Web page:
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Area still is ‘abnormally dry’
Plants, crops not in danger yet
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A hibiscus flower is shown Wednesday under sunny skies in Martinsville. The trend toward warm weather is expected to continue today under mostly sunny skies with a 30 percent chance of rain. Today’s high is expected to reach 89 degrees. Tonight will be mostly cloudy with a low of 68, according to the National Weather Service. (Bulletin photo by Mike Wray)

Friday, September 5, 2014


The area remains drier than normal for this time of the year, but plants and crops so far have not suffered much, according to an expert.

“We’re not seeing anything drastic yet,” said Travis Bunn, Patrick County’s Virginia Cooperative Extension agent.

Melanie Barrow, the agent for Henry County and Martinsville, could not be reached for comment.

On Thursday, the U.S. Drought Monitor showed Henry County-Martinsville, southwestern Pittsylvania County and parts of eastern Patrick County and southern Franklin County to be “abnormally dry.”

Portions of southwestern and eastern Virginia, as well as the Shenandoah Valley and Delmarva Peninsula, also were shown by the drought monitor as being abnormally dry — the first stage of a drought, according to National Weather Service meteorologists.

Other parts of the state — including most of Patrick County — were shown as having had normal precipitation.

The drought monitor, which maps levels of wetness nationwide, is updated each Thursday by the National Oceanic and Atmospheric Administration, the National Drought Mitigation Center and the U.S. Department of Agriculture.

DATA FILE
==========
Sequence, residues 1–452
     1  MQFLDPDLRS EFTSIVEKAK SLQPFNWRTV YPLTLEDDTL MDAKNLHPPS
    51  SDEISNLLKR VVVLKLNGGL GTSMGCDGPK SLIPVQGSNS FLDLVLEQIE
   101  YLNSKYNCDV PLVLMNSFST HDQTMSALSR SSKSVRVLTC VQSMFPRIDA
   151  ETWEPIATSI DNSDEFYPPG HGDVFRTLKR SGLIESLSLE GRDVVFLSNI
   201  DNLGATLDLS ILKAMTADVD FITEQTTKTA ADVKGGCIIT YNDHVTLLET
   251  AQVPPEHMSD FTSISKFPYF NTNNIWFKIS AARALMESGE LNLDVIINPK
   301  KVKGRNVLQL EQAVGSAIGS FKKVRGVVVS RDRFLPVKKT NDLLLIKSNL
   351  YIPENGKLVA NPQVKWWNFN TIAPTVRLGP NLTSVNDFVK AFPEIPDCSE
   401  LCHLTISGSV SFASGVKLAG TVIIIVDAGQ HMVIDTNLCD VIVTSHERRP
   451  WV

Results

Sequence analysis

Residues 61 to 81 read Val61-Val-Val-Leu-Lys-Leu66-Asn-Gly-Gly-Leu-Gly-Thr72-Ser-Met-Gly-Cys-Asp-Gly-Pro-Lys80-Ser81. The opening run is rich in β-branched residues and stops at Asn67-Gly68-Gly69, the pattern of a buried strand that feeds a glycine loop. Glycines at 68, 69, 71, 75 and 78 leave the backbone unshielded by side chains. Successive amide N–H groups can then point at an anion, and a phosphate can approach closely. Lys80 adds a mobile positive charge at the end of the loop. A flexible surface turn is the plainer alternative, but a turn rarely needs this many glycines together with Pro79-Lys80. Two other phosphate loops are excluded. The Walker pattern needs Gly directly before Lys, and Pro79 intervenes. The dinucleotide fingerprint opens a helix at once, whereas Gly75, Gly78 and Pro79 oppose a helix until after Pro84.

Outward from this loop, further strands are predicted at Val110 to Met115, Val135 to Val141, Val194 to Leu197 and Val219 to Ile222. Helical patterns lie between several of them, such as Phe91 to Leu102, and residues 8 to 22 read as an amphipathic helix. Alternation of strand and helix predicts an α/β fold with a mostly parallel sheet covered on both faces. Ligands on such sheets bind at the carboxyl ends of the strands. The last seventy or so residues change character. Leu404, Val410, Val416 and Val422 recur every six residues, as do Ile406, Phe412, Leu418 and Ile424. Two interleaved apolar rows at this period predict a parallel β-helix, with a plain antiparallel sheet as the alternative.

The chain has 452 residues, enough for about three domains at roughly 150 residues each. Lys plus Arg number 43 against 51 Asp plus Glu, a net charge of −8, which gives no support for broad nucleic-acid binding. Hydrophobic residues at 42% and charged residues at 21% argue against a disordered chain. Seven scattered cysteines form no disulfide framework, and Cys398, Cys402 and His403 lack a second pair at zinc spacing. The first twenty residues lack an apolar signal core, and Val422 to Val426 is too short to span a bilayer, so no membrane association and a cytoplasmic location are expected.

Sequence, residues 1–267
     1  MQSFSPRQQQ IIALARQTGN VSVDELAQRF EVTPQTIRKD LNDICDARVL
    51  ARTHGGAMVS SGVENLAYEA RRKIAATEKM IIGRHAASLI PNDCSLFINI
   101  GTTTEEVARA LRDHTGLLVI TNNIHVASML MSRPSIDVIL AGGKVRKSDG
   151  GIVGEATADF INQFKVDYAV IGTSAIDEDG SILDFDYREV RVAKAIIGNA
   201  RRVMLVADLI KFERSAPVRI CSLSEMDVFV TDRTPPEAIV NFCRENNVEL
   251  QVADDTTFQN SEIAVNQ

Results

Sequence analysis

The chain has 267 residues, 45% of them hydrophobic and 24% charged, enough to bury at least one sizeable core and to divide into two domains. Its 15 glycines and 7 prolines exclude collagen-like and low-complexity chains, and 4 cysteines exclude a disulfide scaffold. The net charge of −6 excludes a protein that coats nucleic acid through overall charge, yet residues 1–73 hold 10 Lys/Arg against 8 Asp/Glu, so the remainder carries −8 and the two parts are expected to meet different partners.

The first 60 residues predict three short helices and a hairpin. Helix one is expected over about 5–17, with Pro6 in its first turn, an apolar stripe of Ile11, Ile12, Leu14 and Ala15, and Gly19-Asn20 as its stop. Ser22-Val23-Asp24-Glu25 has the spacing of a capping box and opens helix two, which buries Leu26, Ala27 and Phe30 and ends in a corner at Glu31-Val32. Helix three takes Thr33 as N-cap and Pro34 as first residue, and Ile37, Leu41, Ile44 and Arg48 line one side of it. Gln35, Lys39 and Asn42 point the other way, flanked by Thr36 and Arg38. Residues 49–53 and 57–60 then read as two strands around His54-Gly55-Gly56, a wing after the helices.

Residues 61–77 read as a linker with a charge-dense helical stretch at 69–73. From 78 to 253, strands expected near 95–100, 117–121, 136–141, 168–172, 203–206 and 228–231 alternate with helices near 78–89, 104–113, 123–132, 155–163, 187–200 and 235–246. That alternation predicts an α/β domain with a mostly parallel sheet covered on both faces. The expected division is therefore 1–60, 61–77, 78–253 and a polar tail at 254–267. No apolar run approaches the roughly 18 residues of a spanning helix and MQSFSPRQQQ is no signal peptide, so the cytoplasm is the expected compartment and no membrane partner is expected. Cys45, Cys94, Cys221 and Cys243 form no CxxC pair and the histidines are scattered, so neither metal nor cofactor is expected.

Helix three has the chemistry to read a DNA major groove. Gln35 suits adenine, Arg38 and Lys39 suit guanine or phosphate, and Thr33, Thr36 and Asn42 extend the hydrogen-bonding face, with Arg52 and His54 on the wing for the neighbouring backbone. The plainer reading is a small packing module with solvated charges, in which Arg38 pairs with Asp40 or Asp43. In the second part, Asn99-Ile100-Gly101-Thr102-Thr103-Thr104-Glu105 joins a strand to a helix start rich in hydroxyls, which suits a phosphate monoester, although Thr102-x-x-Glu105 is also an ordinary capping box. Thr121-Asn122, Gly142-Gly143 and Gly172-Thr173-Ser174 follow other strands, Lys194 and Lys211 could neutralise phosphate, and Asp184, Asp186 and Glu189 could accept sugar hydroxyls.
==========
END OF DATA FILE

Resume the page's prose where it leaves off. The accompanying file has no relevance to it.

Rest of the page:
The weather service takes official rainfall measurements for all of southern Virginia at the Danville Regional Airport. The measurements show that as of Thursday afternoon, 29.75 inches of rain had fallen across the region since Jan. 1, less than the average of 30.7 inches for this time of the year.

However, measurements taken at Martinsville’s water filtration plant show that 23.89 inches of rain had fallen there so far this year.

Last year at this time, weather service data showed the region had seen 41.52 inches of rain while the filtration plant had recorded 36.87 inches.

Bunn said he has noticed some pasture land “getting crispy dry.” That is not uncommon because pastures usually are not irrigated, he said.

Farmers are irrigating vegetative plants, but that is “standard practice” in dry conditions, Bunn added.

He said the weather seems to be getting into a wetter pattern, so “I think (the dryness) is going to start easing up now.”

The weather service’s forecast is calling for chances of showers and storms as high as 60 percent practically daily through Thursday.

By then, “it’s very possible” that the area could get enough rain to end the dryness, said Peter Corrigan, the hydrologist at the weather service office in Blacksburg.

But amid weather patterns at this time of the year, “we get a lot of hit or miss shower activity,” Corrigan said. One place could see a lot of rain while another place not far away gets little to none.

He noted, for example, that Caswell County, N.C., which borders Pittsylvania, received about 2 inches of rain Wednesday night. Henry County-Martinsville, about 35 miles from Caswell, got none, weather service data showed.

May and June were fairly dry, and July was dry locally, Corrigan said. While some areas received more rain than others, Henry County-Martinsville overall received about five inches of rain in August, he said.

Yet “that wasn’t enough to eliminate” July’s deficit, he added.


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